There are many reasons for using water-based paints and not least of these is the environmental impact but, before we get onto that, it’s probably best to start with clarifying what it means to be a water-based paint.
What are water-based paints?
Any paint or coating that uses water rather than chemical solvents as the liquifying agent is a water-based paint. The alternative is a solvent-based paint. Solvent-based paints also have many unique pros and cons which we will cover in another post.
Why did water-based paint become a thing?
Paint containing fewer VOCs (volatile organic compounds) has become increasingly important over the past 2 decades as the effects of these compounds on both the environment and on human health have become known. Solvent-based paints typically contain large amounts of VOCs and so manufacturers invested heavily in improving the quality of their water-based coatings in order to address the concerns surrounding the impact of VOCs. More information about VOCs and their impact can be found in the fact box below.
What are the top ten reasons for using water-based paints?
- They emit fewer VOCs causing less damage to the environment
- They are low odour which means that a workspace can be used again as soon as spray painting has been completed without worrying about the smell. This helps minimise disruption caused by paint jobs in busy offices and retail spaces.
- They are less flammable than solvent-based paints.
- They have excellent adhesion and are extremely unlikely to separate from the surface to which they are applied. Wood, brick, galvanised metal, cement and vinyl surfaces are all suited to water-based paints.
- The colour retention of water-based paints is superior to solvent-based paints although they do not offer quite such a high sheen.
- Ease of application. Water-based coatings are easy to apply and cleaning up after them is also straight-forward.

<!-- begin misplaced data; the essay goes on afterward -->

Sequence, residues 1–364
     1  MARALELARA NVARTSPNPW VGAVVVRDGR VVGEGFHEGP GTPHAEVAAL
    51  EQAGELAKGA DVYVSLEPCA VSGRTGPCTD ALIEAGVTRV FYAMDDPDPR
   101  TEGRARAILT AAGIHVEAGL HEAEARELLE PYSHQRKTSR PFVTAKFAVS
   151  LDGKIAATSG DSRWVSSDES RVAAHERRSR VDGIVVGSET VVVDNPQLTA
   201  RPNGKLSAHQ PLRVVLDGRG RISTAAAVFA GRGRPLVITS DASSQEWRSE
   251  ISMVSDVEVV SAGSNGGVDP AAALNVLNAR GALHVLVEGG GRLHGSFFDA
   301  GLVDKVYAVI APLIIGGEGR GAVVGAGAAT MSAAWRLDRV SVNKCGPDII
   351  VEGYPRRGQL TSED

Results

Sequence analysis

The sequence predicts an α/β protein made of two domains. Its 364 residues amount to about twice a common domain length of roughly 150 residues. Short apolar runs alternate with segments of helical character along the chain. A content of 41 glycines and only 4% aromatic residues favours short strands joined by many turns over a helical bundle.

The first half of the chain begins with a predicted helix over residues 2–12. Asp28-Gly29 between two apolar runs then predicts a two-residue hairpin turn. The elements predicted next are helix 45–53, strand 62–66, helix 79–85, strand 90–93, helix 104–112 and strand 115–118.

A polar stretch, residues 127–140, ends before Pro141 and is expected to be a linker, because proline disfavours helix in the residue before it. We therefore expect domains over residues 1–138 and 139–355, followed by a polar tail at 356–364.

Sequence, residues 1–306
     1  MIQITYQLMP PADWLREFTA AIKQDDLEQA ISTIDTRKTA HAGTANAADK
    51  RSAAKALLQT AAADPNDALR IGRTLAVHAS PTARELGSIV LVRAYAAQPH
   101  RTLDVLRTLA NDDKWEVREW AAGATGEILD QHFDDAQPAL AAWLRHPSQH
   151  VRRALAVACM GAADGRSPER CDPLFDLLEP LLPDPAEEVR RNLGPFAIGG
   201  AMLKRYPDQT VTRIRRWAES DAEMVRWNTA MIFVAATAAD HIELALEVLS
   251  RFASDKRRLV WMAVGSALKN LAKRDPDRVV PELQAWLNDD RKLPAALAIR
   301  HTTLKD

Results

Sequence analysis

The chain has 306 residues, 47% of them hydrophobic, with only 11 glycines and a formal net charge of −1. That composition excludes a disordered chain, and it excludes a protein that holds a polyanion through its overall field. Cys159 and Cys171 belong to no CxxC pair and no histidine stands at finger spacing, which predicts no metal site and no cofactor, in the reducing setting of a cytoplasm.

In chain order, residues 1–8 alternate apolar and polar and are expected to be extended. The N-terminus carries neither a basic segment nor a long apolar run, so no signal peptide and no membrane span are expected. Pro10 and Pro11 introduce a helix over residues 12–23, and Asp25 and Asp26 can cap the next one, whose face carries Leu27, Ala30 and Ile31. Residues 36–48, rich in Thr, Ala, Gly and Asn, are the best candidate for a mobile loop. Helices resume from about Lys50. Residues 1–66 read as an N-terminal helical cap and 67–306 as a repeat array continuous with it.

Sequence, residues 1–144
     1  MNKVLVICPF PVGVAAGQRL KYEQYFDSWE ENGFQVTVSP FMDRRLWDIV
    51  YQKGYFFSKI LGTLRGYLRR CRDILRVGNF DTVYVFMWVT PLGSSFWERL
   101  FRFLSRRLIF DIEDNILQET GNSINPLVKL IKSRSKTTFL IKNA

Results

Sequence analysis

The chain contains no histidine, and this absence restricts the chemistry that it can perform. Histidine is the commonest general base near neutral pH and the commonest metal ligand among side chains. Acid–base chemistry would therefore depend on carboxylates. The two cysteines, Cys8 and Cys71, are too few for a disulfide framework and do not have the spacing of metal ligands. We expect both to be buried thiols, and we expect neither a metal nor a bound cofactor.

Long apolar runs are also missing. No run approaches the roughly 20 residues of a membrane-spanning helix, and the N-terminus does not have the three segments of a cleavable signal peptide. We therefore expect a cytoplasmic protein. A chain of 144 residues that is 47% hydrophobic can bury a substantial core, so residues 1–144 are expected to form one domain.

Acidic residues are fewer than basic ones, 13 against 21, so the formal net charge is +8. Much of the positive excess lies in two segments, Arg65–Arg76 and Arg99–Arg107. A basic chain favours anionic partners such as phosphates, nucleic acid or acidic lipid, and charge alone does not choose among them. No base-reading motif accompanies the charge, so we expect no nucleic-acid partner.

- They are available in a full range of RAL colours.
- Most water-based coatings are quick drying allowing more than one coat to be completed in a single day.
- The reduction in VOCs as a result of water-based paints is beneficial for human health as well as for the environment.
- They are not a hazardous waste product so there are no disposal issues.
Are there any reasons not to use water-based paints?
Of course there are some uses where it may still be wise to consider a solvent-based paint and, if that is the case, we will be happy to advise you regarding your required coating and the reasons for its selection. For example, solvent-based coatings provide more protection against extreme weather conditions or frost. Combined with the issues around releasing odour and harmful VOCs this means that they are more likely to be suggested for external projects than internal ones.
Our expert team can help you to identify the best coating for your premises during your free survey and quote. Get in touch with them with any questions that you may have.
What are VOCs and what impact do they have?
VOCs are volatile organic compounds which are created when toxic chemicals turn into vapour and form harmful gases. Large quantities of VOCs are released each year by natural events such as wildfires but, more pertinently, industrial operations contribute a significant chunk of the annual VOC emissions. Examples of VOCs are butane, propane, xylene and ethanol.
When exposed to sunlight, VOCs react with carbon monoxide and nitrogen oxide to form ground-level smog which can cause diseases in plants and prevent fertilisation. The impacts of high levels of VOCs include contributing to global warming and the creation of acid rain.
VOCs can also impact on human health with high levels of exposure linked to headaches, dizziness and memory loss amongst other symptoms. It is important to state that this is linked to particularly high quantities and that solvent-based paint still has a place in the market. This merely demonstrates why we choose to use water-based paint whenever it is an appropriate coating.
Want to find out more about VOCs? Click here for more info from the government website.